Today on Mystery Monday’s we welcome Judy Penz Sheluk. Judy will talk to us about defining a sub-genre, her book and herself.
By Judy Penz Sheluk
Defining your sub-genre. It’s the sort of thing newbie authors don’t really think about when they start writing a book. Oh, we know we’re writing a mystery or romance or sci-fi, but beyond that, it’s more about getting the words down than anything else. And then, one day, after months of hard work, editing, revision and more revision, that book is finally ready to send out into the cold, cruel world. That means writing a compelling query letter pitching the book to agents and publishers in the hopes they might be interested. This process is not for the faint of heart; consider that Kathryn Stockett’s The Help was rejected 61 times before someone finally took a chance on her (read the interview here). The key then, is to make your query stand out. It also means that the author has to define not just the genre (i.e. romance) but the sub-genre (paranormal romance).
When I started pitching The Hanged Man’s Noose to publishers, I defined it as “Amateur Sleuth,” which is often referred to as a “Cozy Mystery.” After all, I had an amateur sleuth (my protagonist, Emily Garland, is a freelance journalist), I had a sidekick (Emily’s friend, Arabella Carpenter, owns an antiques shop), I had a small town (Lount’s Landing, a fictional town about ninety minutes north of Toronto), and the murders take place off screen (meaning no overt violence). It wasn’t until I sent the manuscript to a publisher of traditional cozy mysteries that I discovered I hadn’t quite nailed it.
“We love The Hanged Man’s Noose, and you made it to the final round,” the rejection letter stated, “but we only publish traditional cozies. Your book has too much of an edge. Our recommendation is that you find a publisher that looks for edgier mysteries.”
I searched the publisher’s catalogue and saw what they meant. Every cover had a cat or a dog, an idyllic town with white picket fences. Many of the books included a recipe or instructions on how to make some sort of craft. My book didn’t have any of those things.
I took the publisher’s advice and discovered Barking Rain Press shortly thereafter. I redefined The Hanged Man’s Noose as “Amateur Sleuth with an Edge,” followed their submission guidelines, and signed a contract in July 2014, for publication in July 2015. I’ve been pinching myself ever since.
Handed Man’s Noose Description
Small-town secrets and subterfuge lead to murder in a tale of high-stakes real estate wrangling gone amok.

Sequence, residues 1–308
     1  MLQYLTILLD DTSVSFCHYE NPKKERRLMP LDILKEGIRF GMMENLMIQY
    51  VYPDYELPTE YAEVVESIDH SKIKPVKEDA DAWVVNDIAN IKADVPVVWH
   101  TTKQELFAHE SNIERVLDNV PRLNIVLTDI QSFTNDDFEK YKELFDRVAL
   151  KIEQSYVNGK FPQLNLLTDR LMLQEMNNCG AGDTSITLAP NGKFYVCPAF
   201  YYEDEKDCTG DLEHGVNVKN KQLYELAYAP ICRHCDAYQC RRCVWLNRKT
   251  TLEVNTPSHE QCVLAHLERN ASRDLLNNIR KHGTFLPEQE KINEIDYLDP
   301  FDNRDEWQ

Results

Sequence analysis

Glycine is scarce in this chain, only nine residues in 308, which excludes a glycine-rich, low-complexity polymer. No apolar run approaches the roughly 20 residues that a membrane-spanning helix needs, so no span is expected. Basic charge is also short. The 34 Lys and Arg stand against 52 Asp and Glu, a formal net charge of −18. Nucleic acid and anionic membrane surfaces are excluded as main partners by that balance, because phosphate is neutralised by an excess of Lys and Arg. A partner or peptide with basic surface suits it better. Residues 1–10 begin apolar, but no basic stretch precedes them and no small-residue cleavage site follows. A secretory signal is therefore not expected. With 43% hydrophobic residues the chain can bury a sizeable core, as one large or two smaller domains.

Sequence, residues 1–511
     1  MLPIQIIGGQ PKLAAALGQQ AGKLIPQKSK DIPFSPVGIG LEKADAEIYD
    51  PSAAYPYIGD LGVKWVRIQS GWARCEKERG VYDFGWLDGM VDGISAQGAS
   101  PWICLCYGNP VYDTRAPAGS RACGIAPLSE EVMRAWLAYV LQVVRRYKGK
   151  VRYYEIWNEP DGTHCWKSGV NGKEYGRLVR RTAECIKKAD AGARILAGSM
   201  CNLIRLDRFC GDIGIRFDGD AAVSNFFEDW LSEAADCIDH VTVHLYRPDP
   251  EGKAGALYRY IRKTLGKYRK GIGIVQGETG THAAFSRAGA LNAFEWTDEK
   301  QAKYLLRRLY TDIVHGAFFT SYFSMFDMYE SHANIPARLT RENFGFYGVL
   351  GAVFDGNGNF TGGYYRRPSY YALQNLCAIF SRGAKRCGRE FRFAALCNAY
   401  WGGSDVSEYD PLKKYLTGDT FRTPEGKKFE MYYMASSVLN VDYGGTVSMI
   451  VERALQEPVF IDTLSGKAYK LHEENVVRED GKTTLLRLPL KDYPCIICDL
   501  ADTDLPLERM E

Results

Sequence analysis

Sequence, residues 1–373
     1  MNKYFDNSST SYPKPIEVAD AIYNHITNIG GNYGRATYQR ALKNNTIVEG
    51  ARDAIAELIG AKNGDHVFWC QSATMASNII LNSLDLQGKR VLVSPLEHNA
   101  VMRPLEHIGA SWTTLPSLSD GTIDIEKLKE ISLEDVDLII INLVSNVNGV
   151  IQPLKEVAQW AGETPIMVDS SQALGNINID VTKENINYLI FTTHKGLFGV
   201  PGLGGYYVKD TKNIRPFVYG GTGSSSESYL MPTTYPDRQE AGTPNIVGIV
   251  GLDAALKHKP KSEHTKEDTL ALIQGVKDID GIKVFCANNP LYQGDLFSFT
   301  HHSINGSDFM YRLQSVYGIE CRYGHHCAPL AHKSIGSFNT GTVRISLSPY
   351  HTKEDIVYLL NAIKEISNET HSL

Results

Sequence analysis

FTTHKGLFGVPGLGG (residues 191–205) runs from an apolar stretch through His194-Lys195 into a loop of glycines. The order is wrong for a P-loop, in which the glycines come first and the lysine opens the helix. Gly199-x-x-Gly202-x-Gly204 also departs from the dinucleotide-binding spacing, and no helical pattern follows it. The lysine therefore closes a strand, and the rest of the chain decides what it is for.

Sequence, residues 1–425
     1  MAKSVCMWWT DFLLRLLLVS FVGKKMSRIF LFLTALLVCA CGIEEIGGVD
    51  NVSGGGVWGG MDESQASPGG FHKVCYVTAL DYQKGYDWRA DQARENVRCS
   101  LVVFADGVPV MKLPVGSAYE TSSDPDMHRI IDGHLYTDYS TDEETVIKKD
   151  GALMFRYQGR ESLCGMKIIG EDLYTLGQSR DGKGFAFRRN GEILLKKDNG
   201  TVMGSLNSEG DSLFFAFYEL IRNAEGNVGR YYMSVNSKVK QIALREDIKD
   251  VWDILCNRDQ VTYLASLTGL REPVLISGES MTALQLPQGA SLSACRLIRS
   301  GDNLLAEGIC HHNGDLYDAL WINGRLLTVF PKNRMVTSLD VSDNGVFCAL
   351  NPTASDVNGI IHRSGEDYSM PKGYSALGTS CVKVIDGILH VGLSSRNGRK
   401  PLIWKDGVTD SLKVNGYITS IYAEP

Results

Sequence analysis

Journalist Emily Garland lands a plum assignment as the editor of a niche magazine based in Lount’s Landing, a small town named after a colorful Canadian traitor. As she interviews the local business owners for the magazine, Emily quickly learns that many people are unhappy with real estate mogul Garrett Stonehaven’s plans to convert an old schoolhouse into a mega-box store. At the top of that list is Arabella Carpenter, the outspoken owner of an antiques shop, who will do just about anything to preserve the integrity of the town’s historic Main Street.
But Arabella is not alone in her opposition. Before long, a vocal dissenter at a town hall meeting about the proposed project dies. A few days later, another body is discovered, and although both deaths are ruled accidental, Emily’s journalistic suspicions are aroused.
Putting her reporting skills to the ultimate test, Emily teams up with Arabella to discover the truth behind Stonehaven’s latest scheme before the murderer strikes again.
The Hanged Man’s Noose: A Glass Dolphin Mystery is available in print and eBook at all the usual suspects.
Judy Penz Sheluk’s debut mystery, The Hanged Man’s Noose, was published in print and eBook in July 2015 through Barking Rain Press. Her short fiction has appeared in literary publications and anthologies, including The Whole She-Bang 2 and World Enough and Crime. She also contributed to Bake, Love Write, a dessert cookbook featuring recipes from 105 authors.
In her less mysterious pursuits, Judy works as a freelance writer, specializing in art, antiques and the residential housing industry. She is currently the Editor of Home BUILDER Magazine, and the Senior Editor for New England Antiques Journal.
Judy lives in a small town northwest of Toronto. She is currently finalizing Skeletons in the Closet (A Marketville Mystery) and starting book two in The Glass Dolphin Mystery series.
Next week on Mystery Mondays we welcome Brenda Chapman, award winning author of the Stonechild and Rouleau Mysteries.
Thanks for reading…
Thanks for reading…